House panel passes climate risk disclosure bill

Jul 22, 2019
Legislation faces challenges but highlights growing pressure for reporting

The House Financial Services Committee on Wednesday voted to approve a bill backed by several Democratic presidential candidates that seeks to boost and improve climate-related corporate disclosures under new SEC rules.

The Climate Risk Disclosure Act of 2019 would order the SEC to consult with climate experts at other government agencies and then issue rules requiring that each public company disclose:

  • Its direct and indirect greenhouse gas emissions
  • The total amount of fossil fuel-related assets that it owns or manages
  • How its valuation would be affected if climate change continues at its current pace or if policymakers manage to restrict greenhouse gas emissions to meet the 1.5 degrees Celsius goal
  • Its risk management strategies related to the physical risks and transition risks posed by the climate crisis.

The act would also direct the SEC to tailor these disclosure requirements to different industries and to impose additional disclosure requirements on fossil fuel companies.

The legislation ‘will help investors appropriately assess those risks, accelerate the transition from fossil fuels to cleaner and more sustainable energy sources and reduce the chances of both environmental and financial catastrophe,’ according to a statement from the office of Rep Sean Casten, D-Illinois, who introduced the bill in the committee.

The bill must now be approved by the full House, as well as the Senate, which is likely to prove difficult. If successful, it would then almost certainly face being vetoed by President Donald Trump, whose administration is skeptical of climate change and pulled the US out of the Paris climate change accords. But the legislation has attracted considerable political and industry support, reflecting the growing pressures on companies to make climate-related disclosures – with or without governmental requirements.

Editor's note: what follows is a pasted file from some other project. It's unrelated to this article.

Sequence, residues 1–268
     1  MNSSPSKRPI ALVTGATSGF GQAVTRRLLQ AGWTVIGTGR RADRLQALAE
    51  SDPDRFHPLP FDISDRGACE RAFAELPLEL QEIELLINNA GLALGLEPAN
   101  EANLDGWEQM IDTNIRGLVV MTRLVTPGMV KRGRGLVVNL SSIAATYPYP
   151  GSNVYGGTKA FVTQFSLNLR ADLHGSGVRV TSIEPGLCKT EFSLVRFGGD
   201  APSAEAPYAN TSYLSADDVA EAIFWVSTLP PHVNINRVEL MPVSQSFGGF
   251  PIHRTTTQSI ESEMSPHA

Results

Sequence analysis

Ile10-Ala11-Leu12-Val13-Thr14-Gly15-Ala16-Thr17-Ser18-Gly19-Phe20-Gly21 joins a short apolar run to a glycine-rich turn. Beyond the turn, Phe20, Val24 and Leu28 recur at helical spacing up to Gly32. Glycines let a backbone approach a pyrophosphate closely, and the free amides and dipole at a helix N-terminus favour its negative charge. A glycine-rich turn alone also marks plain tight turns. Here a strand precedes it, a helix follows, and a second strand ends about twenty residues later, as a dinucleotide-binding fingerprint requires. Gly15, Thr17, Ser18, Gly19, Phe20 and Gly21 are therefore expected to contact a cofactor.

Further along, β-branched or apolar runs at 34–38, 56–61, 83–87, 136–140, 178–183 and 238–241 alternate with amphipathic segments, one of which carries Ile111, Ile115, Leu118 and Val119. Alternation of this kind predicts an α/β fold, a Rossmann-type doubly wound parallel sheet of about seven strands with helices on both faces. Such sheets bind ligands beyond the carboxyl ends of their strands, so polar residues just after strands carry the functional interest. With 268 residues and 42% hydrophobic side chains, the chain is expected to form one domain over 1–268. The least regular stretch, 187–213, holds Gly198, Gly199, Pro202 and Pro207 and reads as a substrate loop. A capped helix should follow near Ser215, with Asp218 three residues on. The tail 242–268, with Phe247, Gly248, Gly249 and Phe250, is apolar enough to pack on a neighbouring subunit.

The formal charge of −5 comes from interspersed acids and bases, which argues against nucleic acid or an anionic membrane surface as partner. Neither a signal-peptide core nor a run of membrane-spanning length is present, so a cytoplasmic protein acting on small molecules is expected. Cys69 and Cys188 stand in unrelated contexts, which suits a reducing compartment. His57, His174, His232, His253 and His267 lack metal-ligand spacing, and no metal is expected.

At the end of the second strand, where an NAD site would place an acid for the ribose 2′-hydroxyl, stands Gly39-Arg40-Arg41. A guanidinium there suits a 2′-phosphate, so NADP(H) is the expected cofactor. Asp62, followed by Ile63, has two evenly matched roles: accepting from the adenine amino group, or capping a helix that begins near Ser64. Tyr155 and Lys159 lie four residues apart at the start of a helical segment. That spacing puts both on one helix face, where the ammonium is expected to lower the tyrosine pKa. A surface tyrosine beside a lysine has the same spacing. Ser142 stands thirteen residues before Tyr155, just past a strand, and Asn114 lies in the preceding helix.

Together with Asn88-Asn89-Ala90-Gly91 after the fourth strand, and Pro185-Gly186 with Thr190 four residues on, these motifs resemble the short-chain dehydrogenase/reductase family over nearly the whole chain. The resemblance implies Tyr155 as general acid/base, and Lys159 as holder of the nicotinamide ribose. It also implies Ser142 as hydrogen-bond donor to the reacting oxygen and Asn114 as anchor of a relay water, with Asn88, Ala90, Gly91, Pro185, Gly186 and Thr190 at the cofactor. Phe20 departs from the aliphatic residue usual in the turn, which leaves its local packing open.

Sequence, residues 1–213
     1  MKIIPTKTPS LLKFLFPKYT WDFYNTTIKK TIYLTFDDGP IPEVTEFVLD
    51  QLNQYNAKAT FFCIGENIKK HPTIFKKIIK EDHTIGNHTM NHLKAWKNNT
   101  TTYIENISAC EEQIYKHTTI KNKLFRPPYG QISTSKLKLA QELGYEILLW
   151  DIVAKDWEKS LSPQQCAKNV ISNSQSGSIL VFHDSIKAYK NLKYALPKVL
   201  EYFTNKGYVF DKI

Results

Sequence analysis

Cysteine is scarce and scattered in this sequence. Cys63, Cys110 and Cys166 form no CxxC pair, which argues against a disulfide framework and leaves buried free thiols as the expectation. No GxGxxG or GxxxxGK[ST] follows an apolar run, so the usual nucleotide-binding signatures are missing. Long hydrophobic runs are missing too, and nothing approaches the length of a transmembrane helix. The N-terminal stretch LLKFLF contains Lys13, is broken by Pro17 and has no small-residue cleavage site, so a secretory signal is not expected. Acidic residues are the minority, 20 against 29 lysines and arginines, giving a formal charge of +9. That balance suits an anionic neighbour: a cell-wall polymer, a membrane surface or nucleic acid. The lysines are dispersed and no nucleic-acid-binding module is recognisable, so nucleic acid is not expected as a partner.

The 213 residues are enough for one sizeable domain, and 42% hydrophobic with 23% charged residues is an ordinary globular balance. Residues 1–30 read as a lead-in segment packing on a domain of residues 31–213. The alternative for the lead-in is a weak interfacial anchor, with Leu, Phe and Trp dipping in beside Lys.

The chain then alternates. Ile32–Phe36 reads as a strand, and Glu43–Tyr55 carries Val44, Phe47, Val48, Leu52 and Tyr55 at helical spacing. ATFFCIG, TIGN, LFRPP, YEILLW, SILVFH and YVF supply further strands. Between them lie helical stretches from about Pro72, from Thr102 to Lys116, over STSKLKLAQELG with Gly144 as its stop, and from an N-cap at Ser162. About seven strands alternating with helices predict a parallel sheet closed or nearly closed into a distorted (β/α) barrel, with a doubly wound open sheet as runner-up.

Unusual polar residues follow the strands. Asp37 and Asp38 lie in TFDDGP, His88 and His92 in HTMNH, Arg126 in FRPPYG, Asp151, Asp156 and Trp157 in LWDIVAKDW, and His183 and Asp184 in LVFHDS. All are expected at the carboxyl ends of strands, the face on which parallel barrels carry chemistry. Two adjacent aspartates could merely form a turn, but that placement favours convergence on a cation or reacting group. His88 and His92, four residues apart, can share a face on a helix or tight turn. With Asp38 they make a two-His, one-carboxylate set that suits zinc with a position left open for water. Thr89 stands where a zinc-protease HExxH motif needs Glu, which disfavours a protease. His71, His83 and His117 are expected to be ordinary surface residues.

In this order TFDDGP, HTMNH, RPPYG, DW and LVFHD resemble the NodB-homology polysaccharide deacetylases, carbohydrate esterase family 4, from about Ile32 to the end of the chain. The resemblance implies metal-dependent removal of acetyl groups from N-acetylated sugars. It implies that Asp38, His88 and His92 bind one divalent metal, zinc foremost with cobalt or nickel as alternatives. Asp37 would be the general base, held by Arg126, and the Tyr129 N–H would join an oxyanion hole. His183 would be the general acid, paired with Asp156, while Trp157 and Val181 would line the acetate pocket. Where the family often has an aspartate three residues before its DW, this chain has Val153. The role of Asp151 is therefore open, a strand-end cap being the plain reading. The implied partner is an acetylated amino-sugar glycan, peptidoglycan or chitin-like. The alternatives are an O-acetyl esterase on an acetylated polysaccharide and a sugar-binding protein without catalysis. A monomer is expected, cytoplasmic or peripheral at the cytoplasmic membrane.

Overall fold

As well as Casten, the bill was introduced by Senator Elizabeth Warren, D-Massachusetts, who is running to be the Democratic nominee for president in 2020. According to Casten’s office, the Climate Risk Disclosure Act is co-sponsored by senators Michael Bennet, D-Colorado, Cory Booker, D-New Jersey, Kirsten Gillibrand, D-New York, Kamala Harris, D-California and Amy Klobuchar, D-Minnesota, all of whom are also running for president. 

In addition, the act is co-sponsored by a further nine Democrats in the Senate including Dianne Feinstein of California and Chuck Schumer of New York.

Casten’s office says the legislation is further endorsed by more than 20 organizations such as As You Sow, Friends of the Earth, Greenpeace USA, the Sierra Club, Sisters of St Francis of Philadelphia and Vert Asset Management.

Witnesses at a July 10 congressional hearing gave their support to the bill. In written testimony, Ceres CEO and president Mindy Lubber said her organization supports SEC climate disclosure rules ‘because of the need for comparable, robust reporting that meets investors’ needs and helps companies manage risks. Also, because of the urgency of the climate crisis, we cannot afford to continue hoping that SEC leadership will prioritize climate risk disclosure and fully implement the 2010 [SEC] climate disclosure guidance.’

Voluntary disclosure will continue to be an important means for companies to communicate about their impacts on people and the environment and the risks and opportunities they face, Lubber said. But she added that only rules can give investors the robust disclosure they need ​from all companies​ to make better investment decisions.

‘The​ Climate Risk Disclosure Act of 2019 ​will allow the market – through investors and others – to better assess risks posed by climate change and take advantage of opportunities, spurring both public and private sector action on the issue, while promoting financial stability across the US economy,’ she wrote.

Lubber was critical of the SEC’s track record in promoting reporting. ‘Unfortunately, today the SEC climate disclosure guidance is not being implemented or enforced,’ she wrote. ‘In many ways it appears that the SEC is abdicating its responsibilities and, at the present time, its efforts are simply not resulting in meaningful improvement in the quality of climate risk disclosure in financial filings.’

An SEC spokesperson declined to comment on this criticism and the passage of the bill.

James Andrus, investment manager for sustainable investments at CalPERS, in testimony to the panel on July 10, said the pension fund manager backs the Climate Risk Disclosure Act ‘because it will support investors in understanding the sustainability of their investments and in the development of the type of sustainable economy through which pension funds such as CalPERS can generate the returns we need over the long term.’

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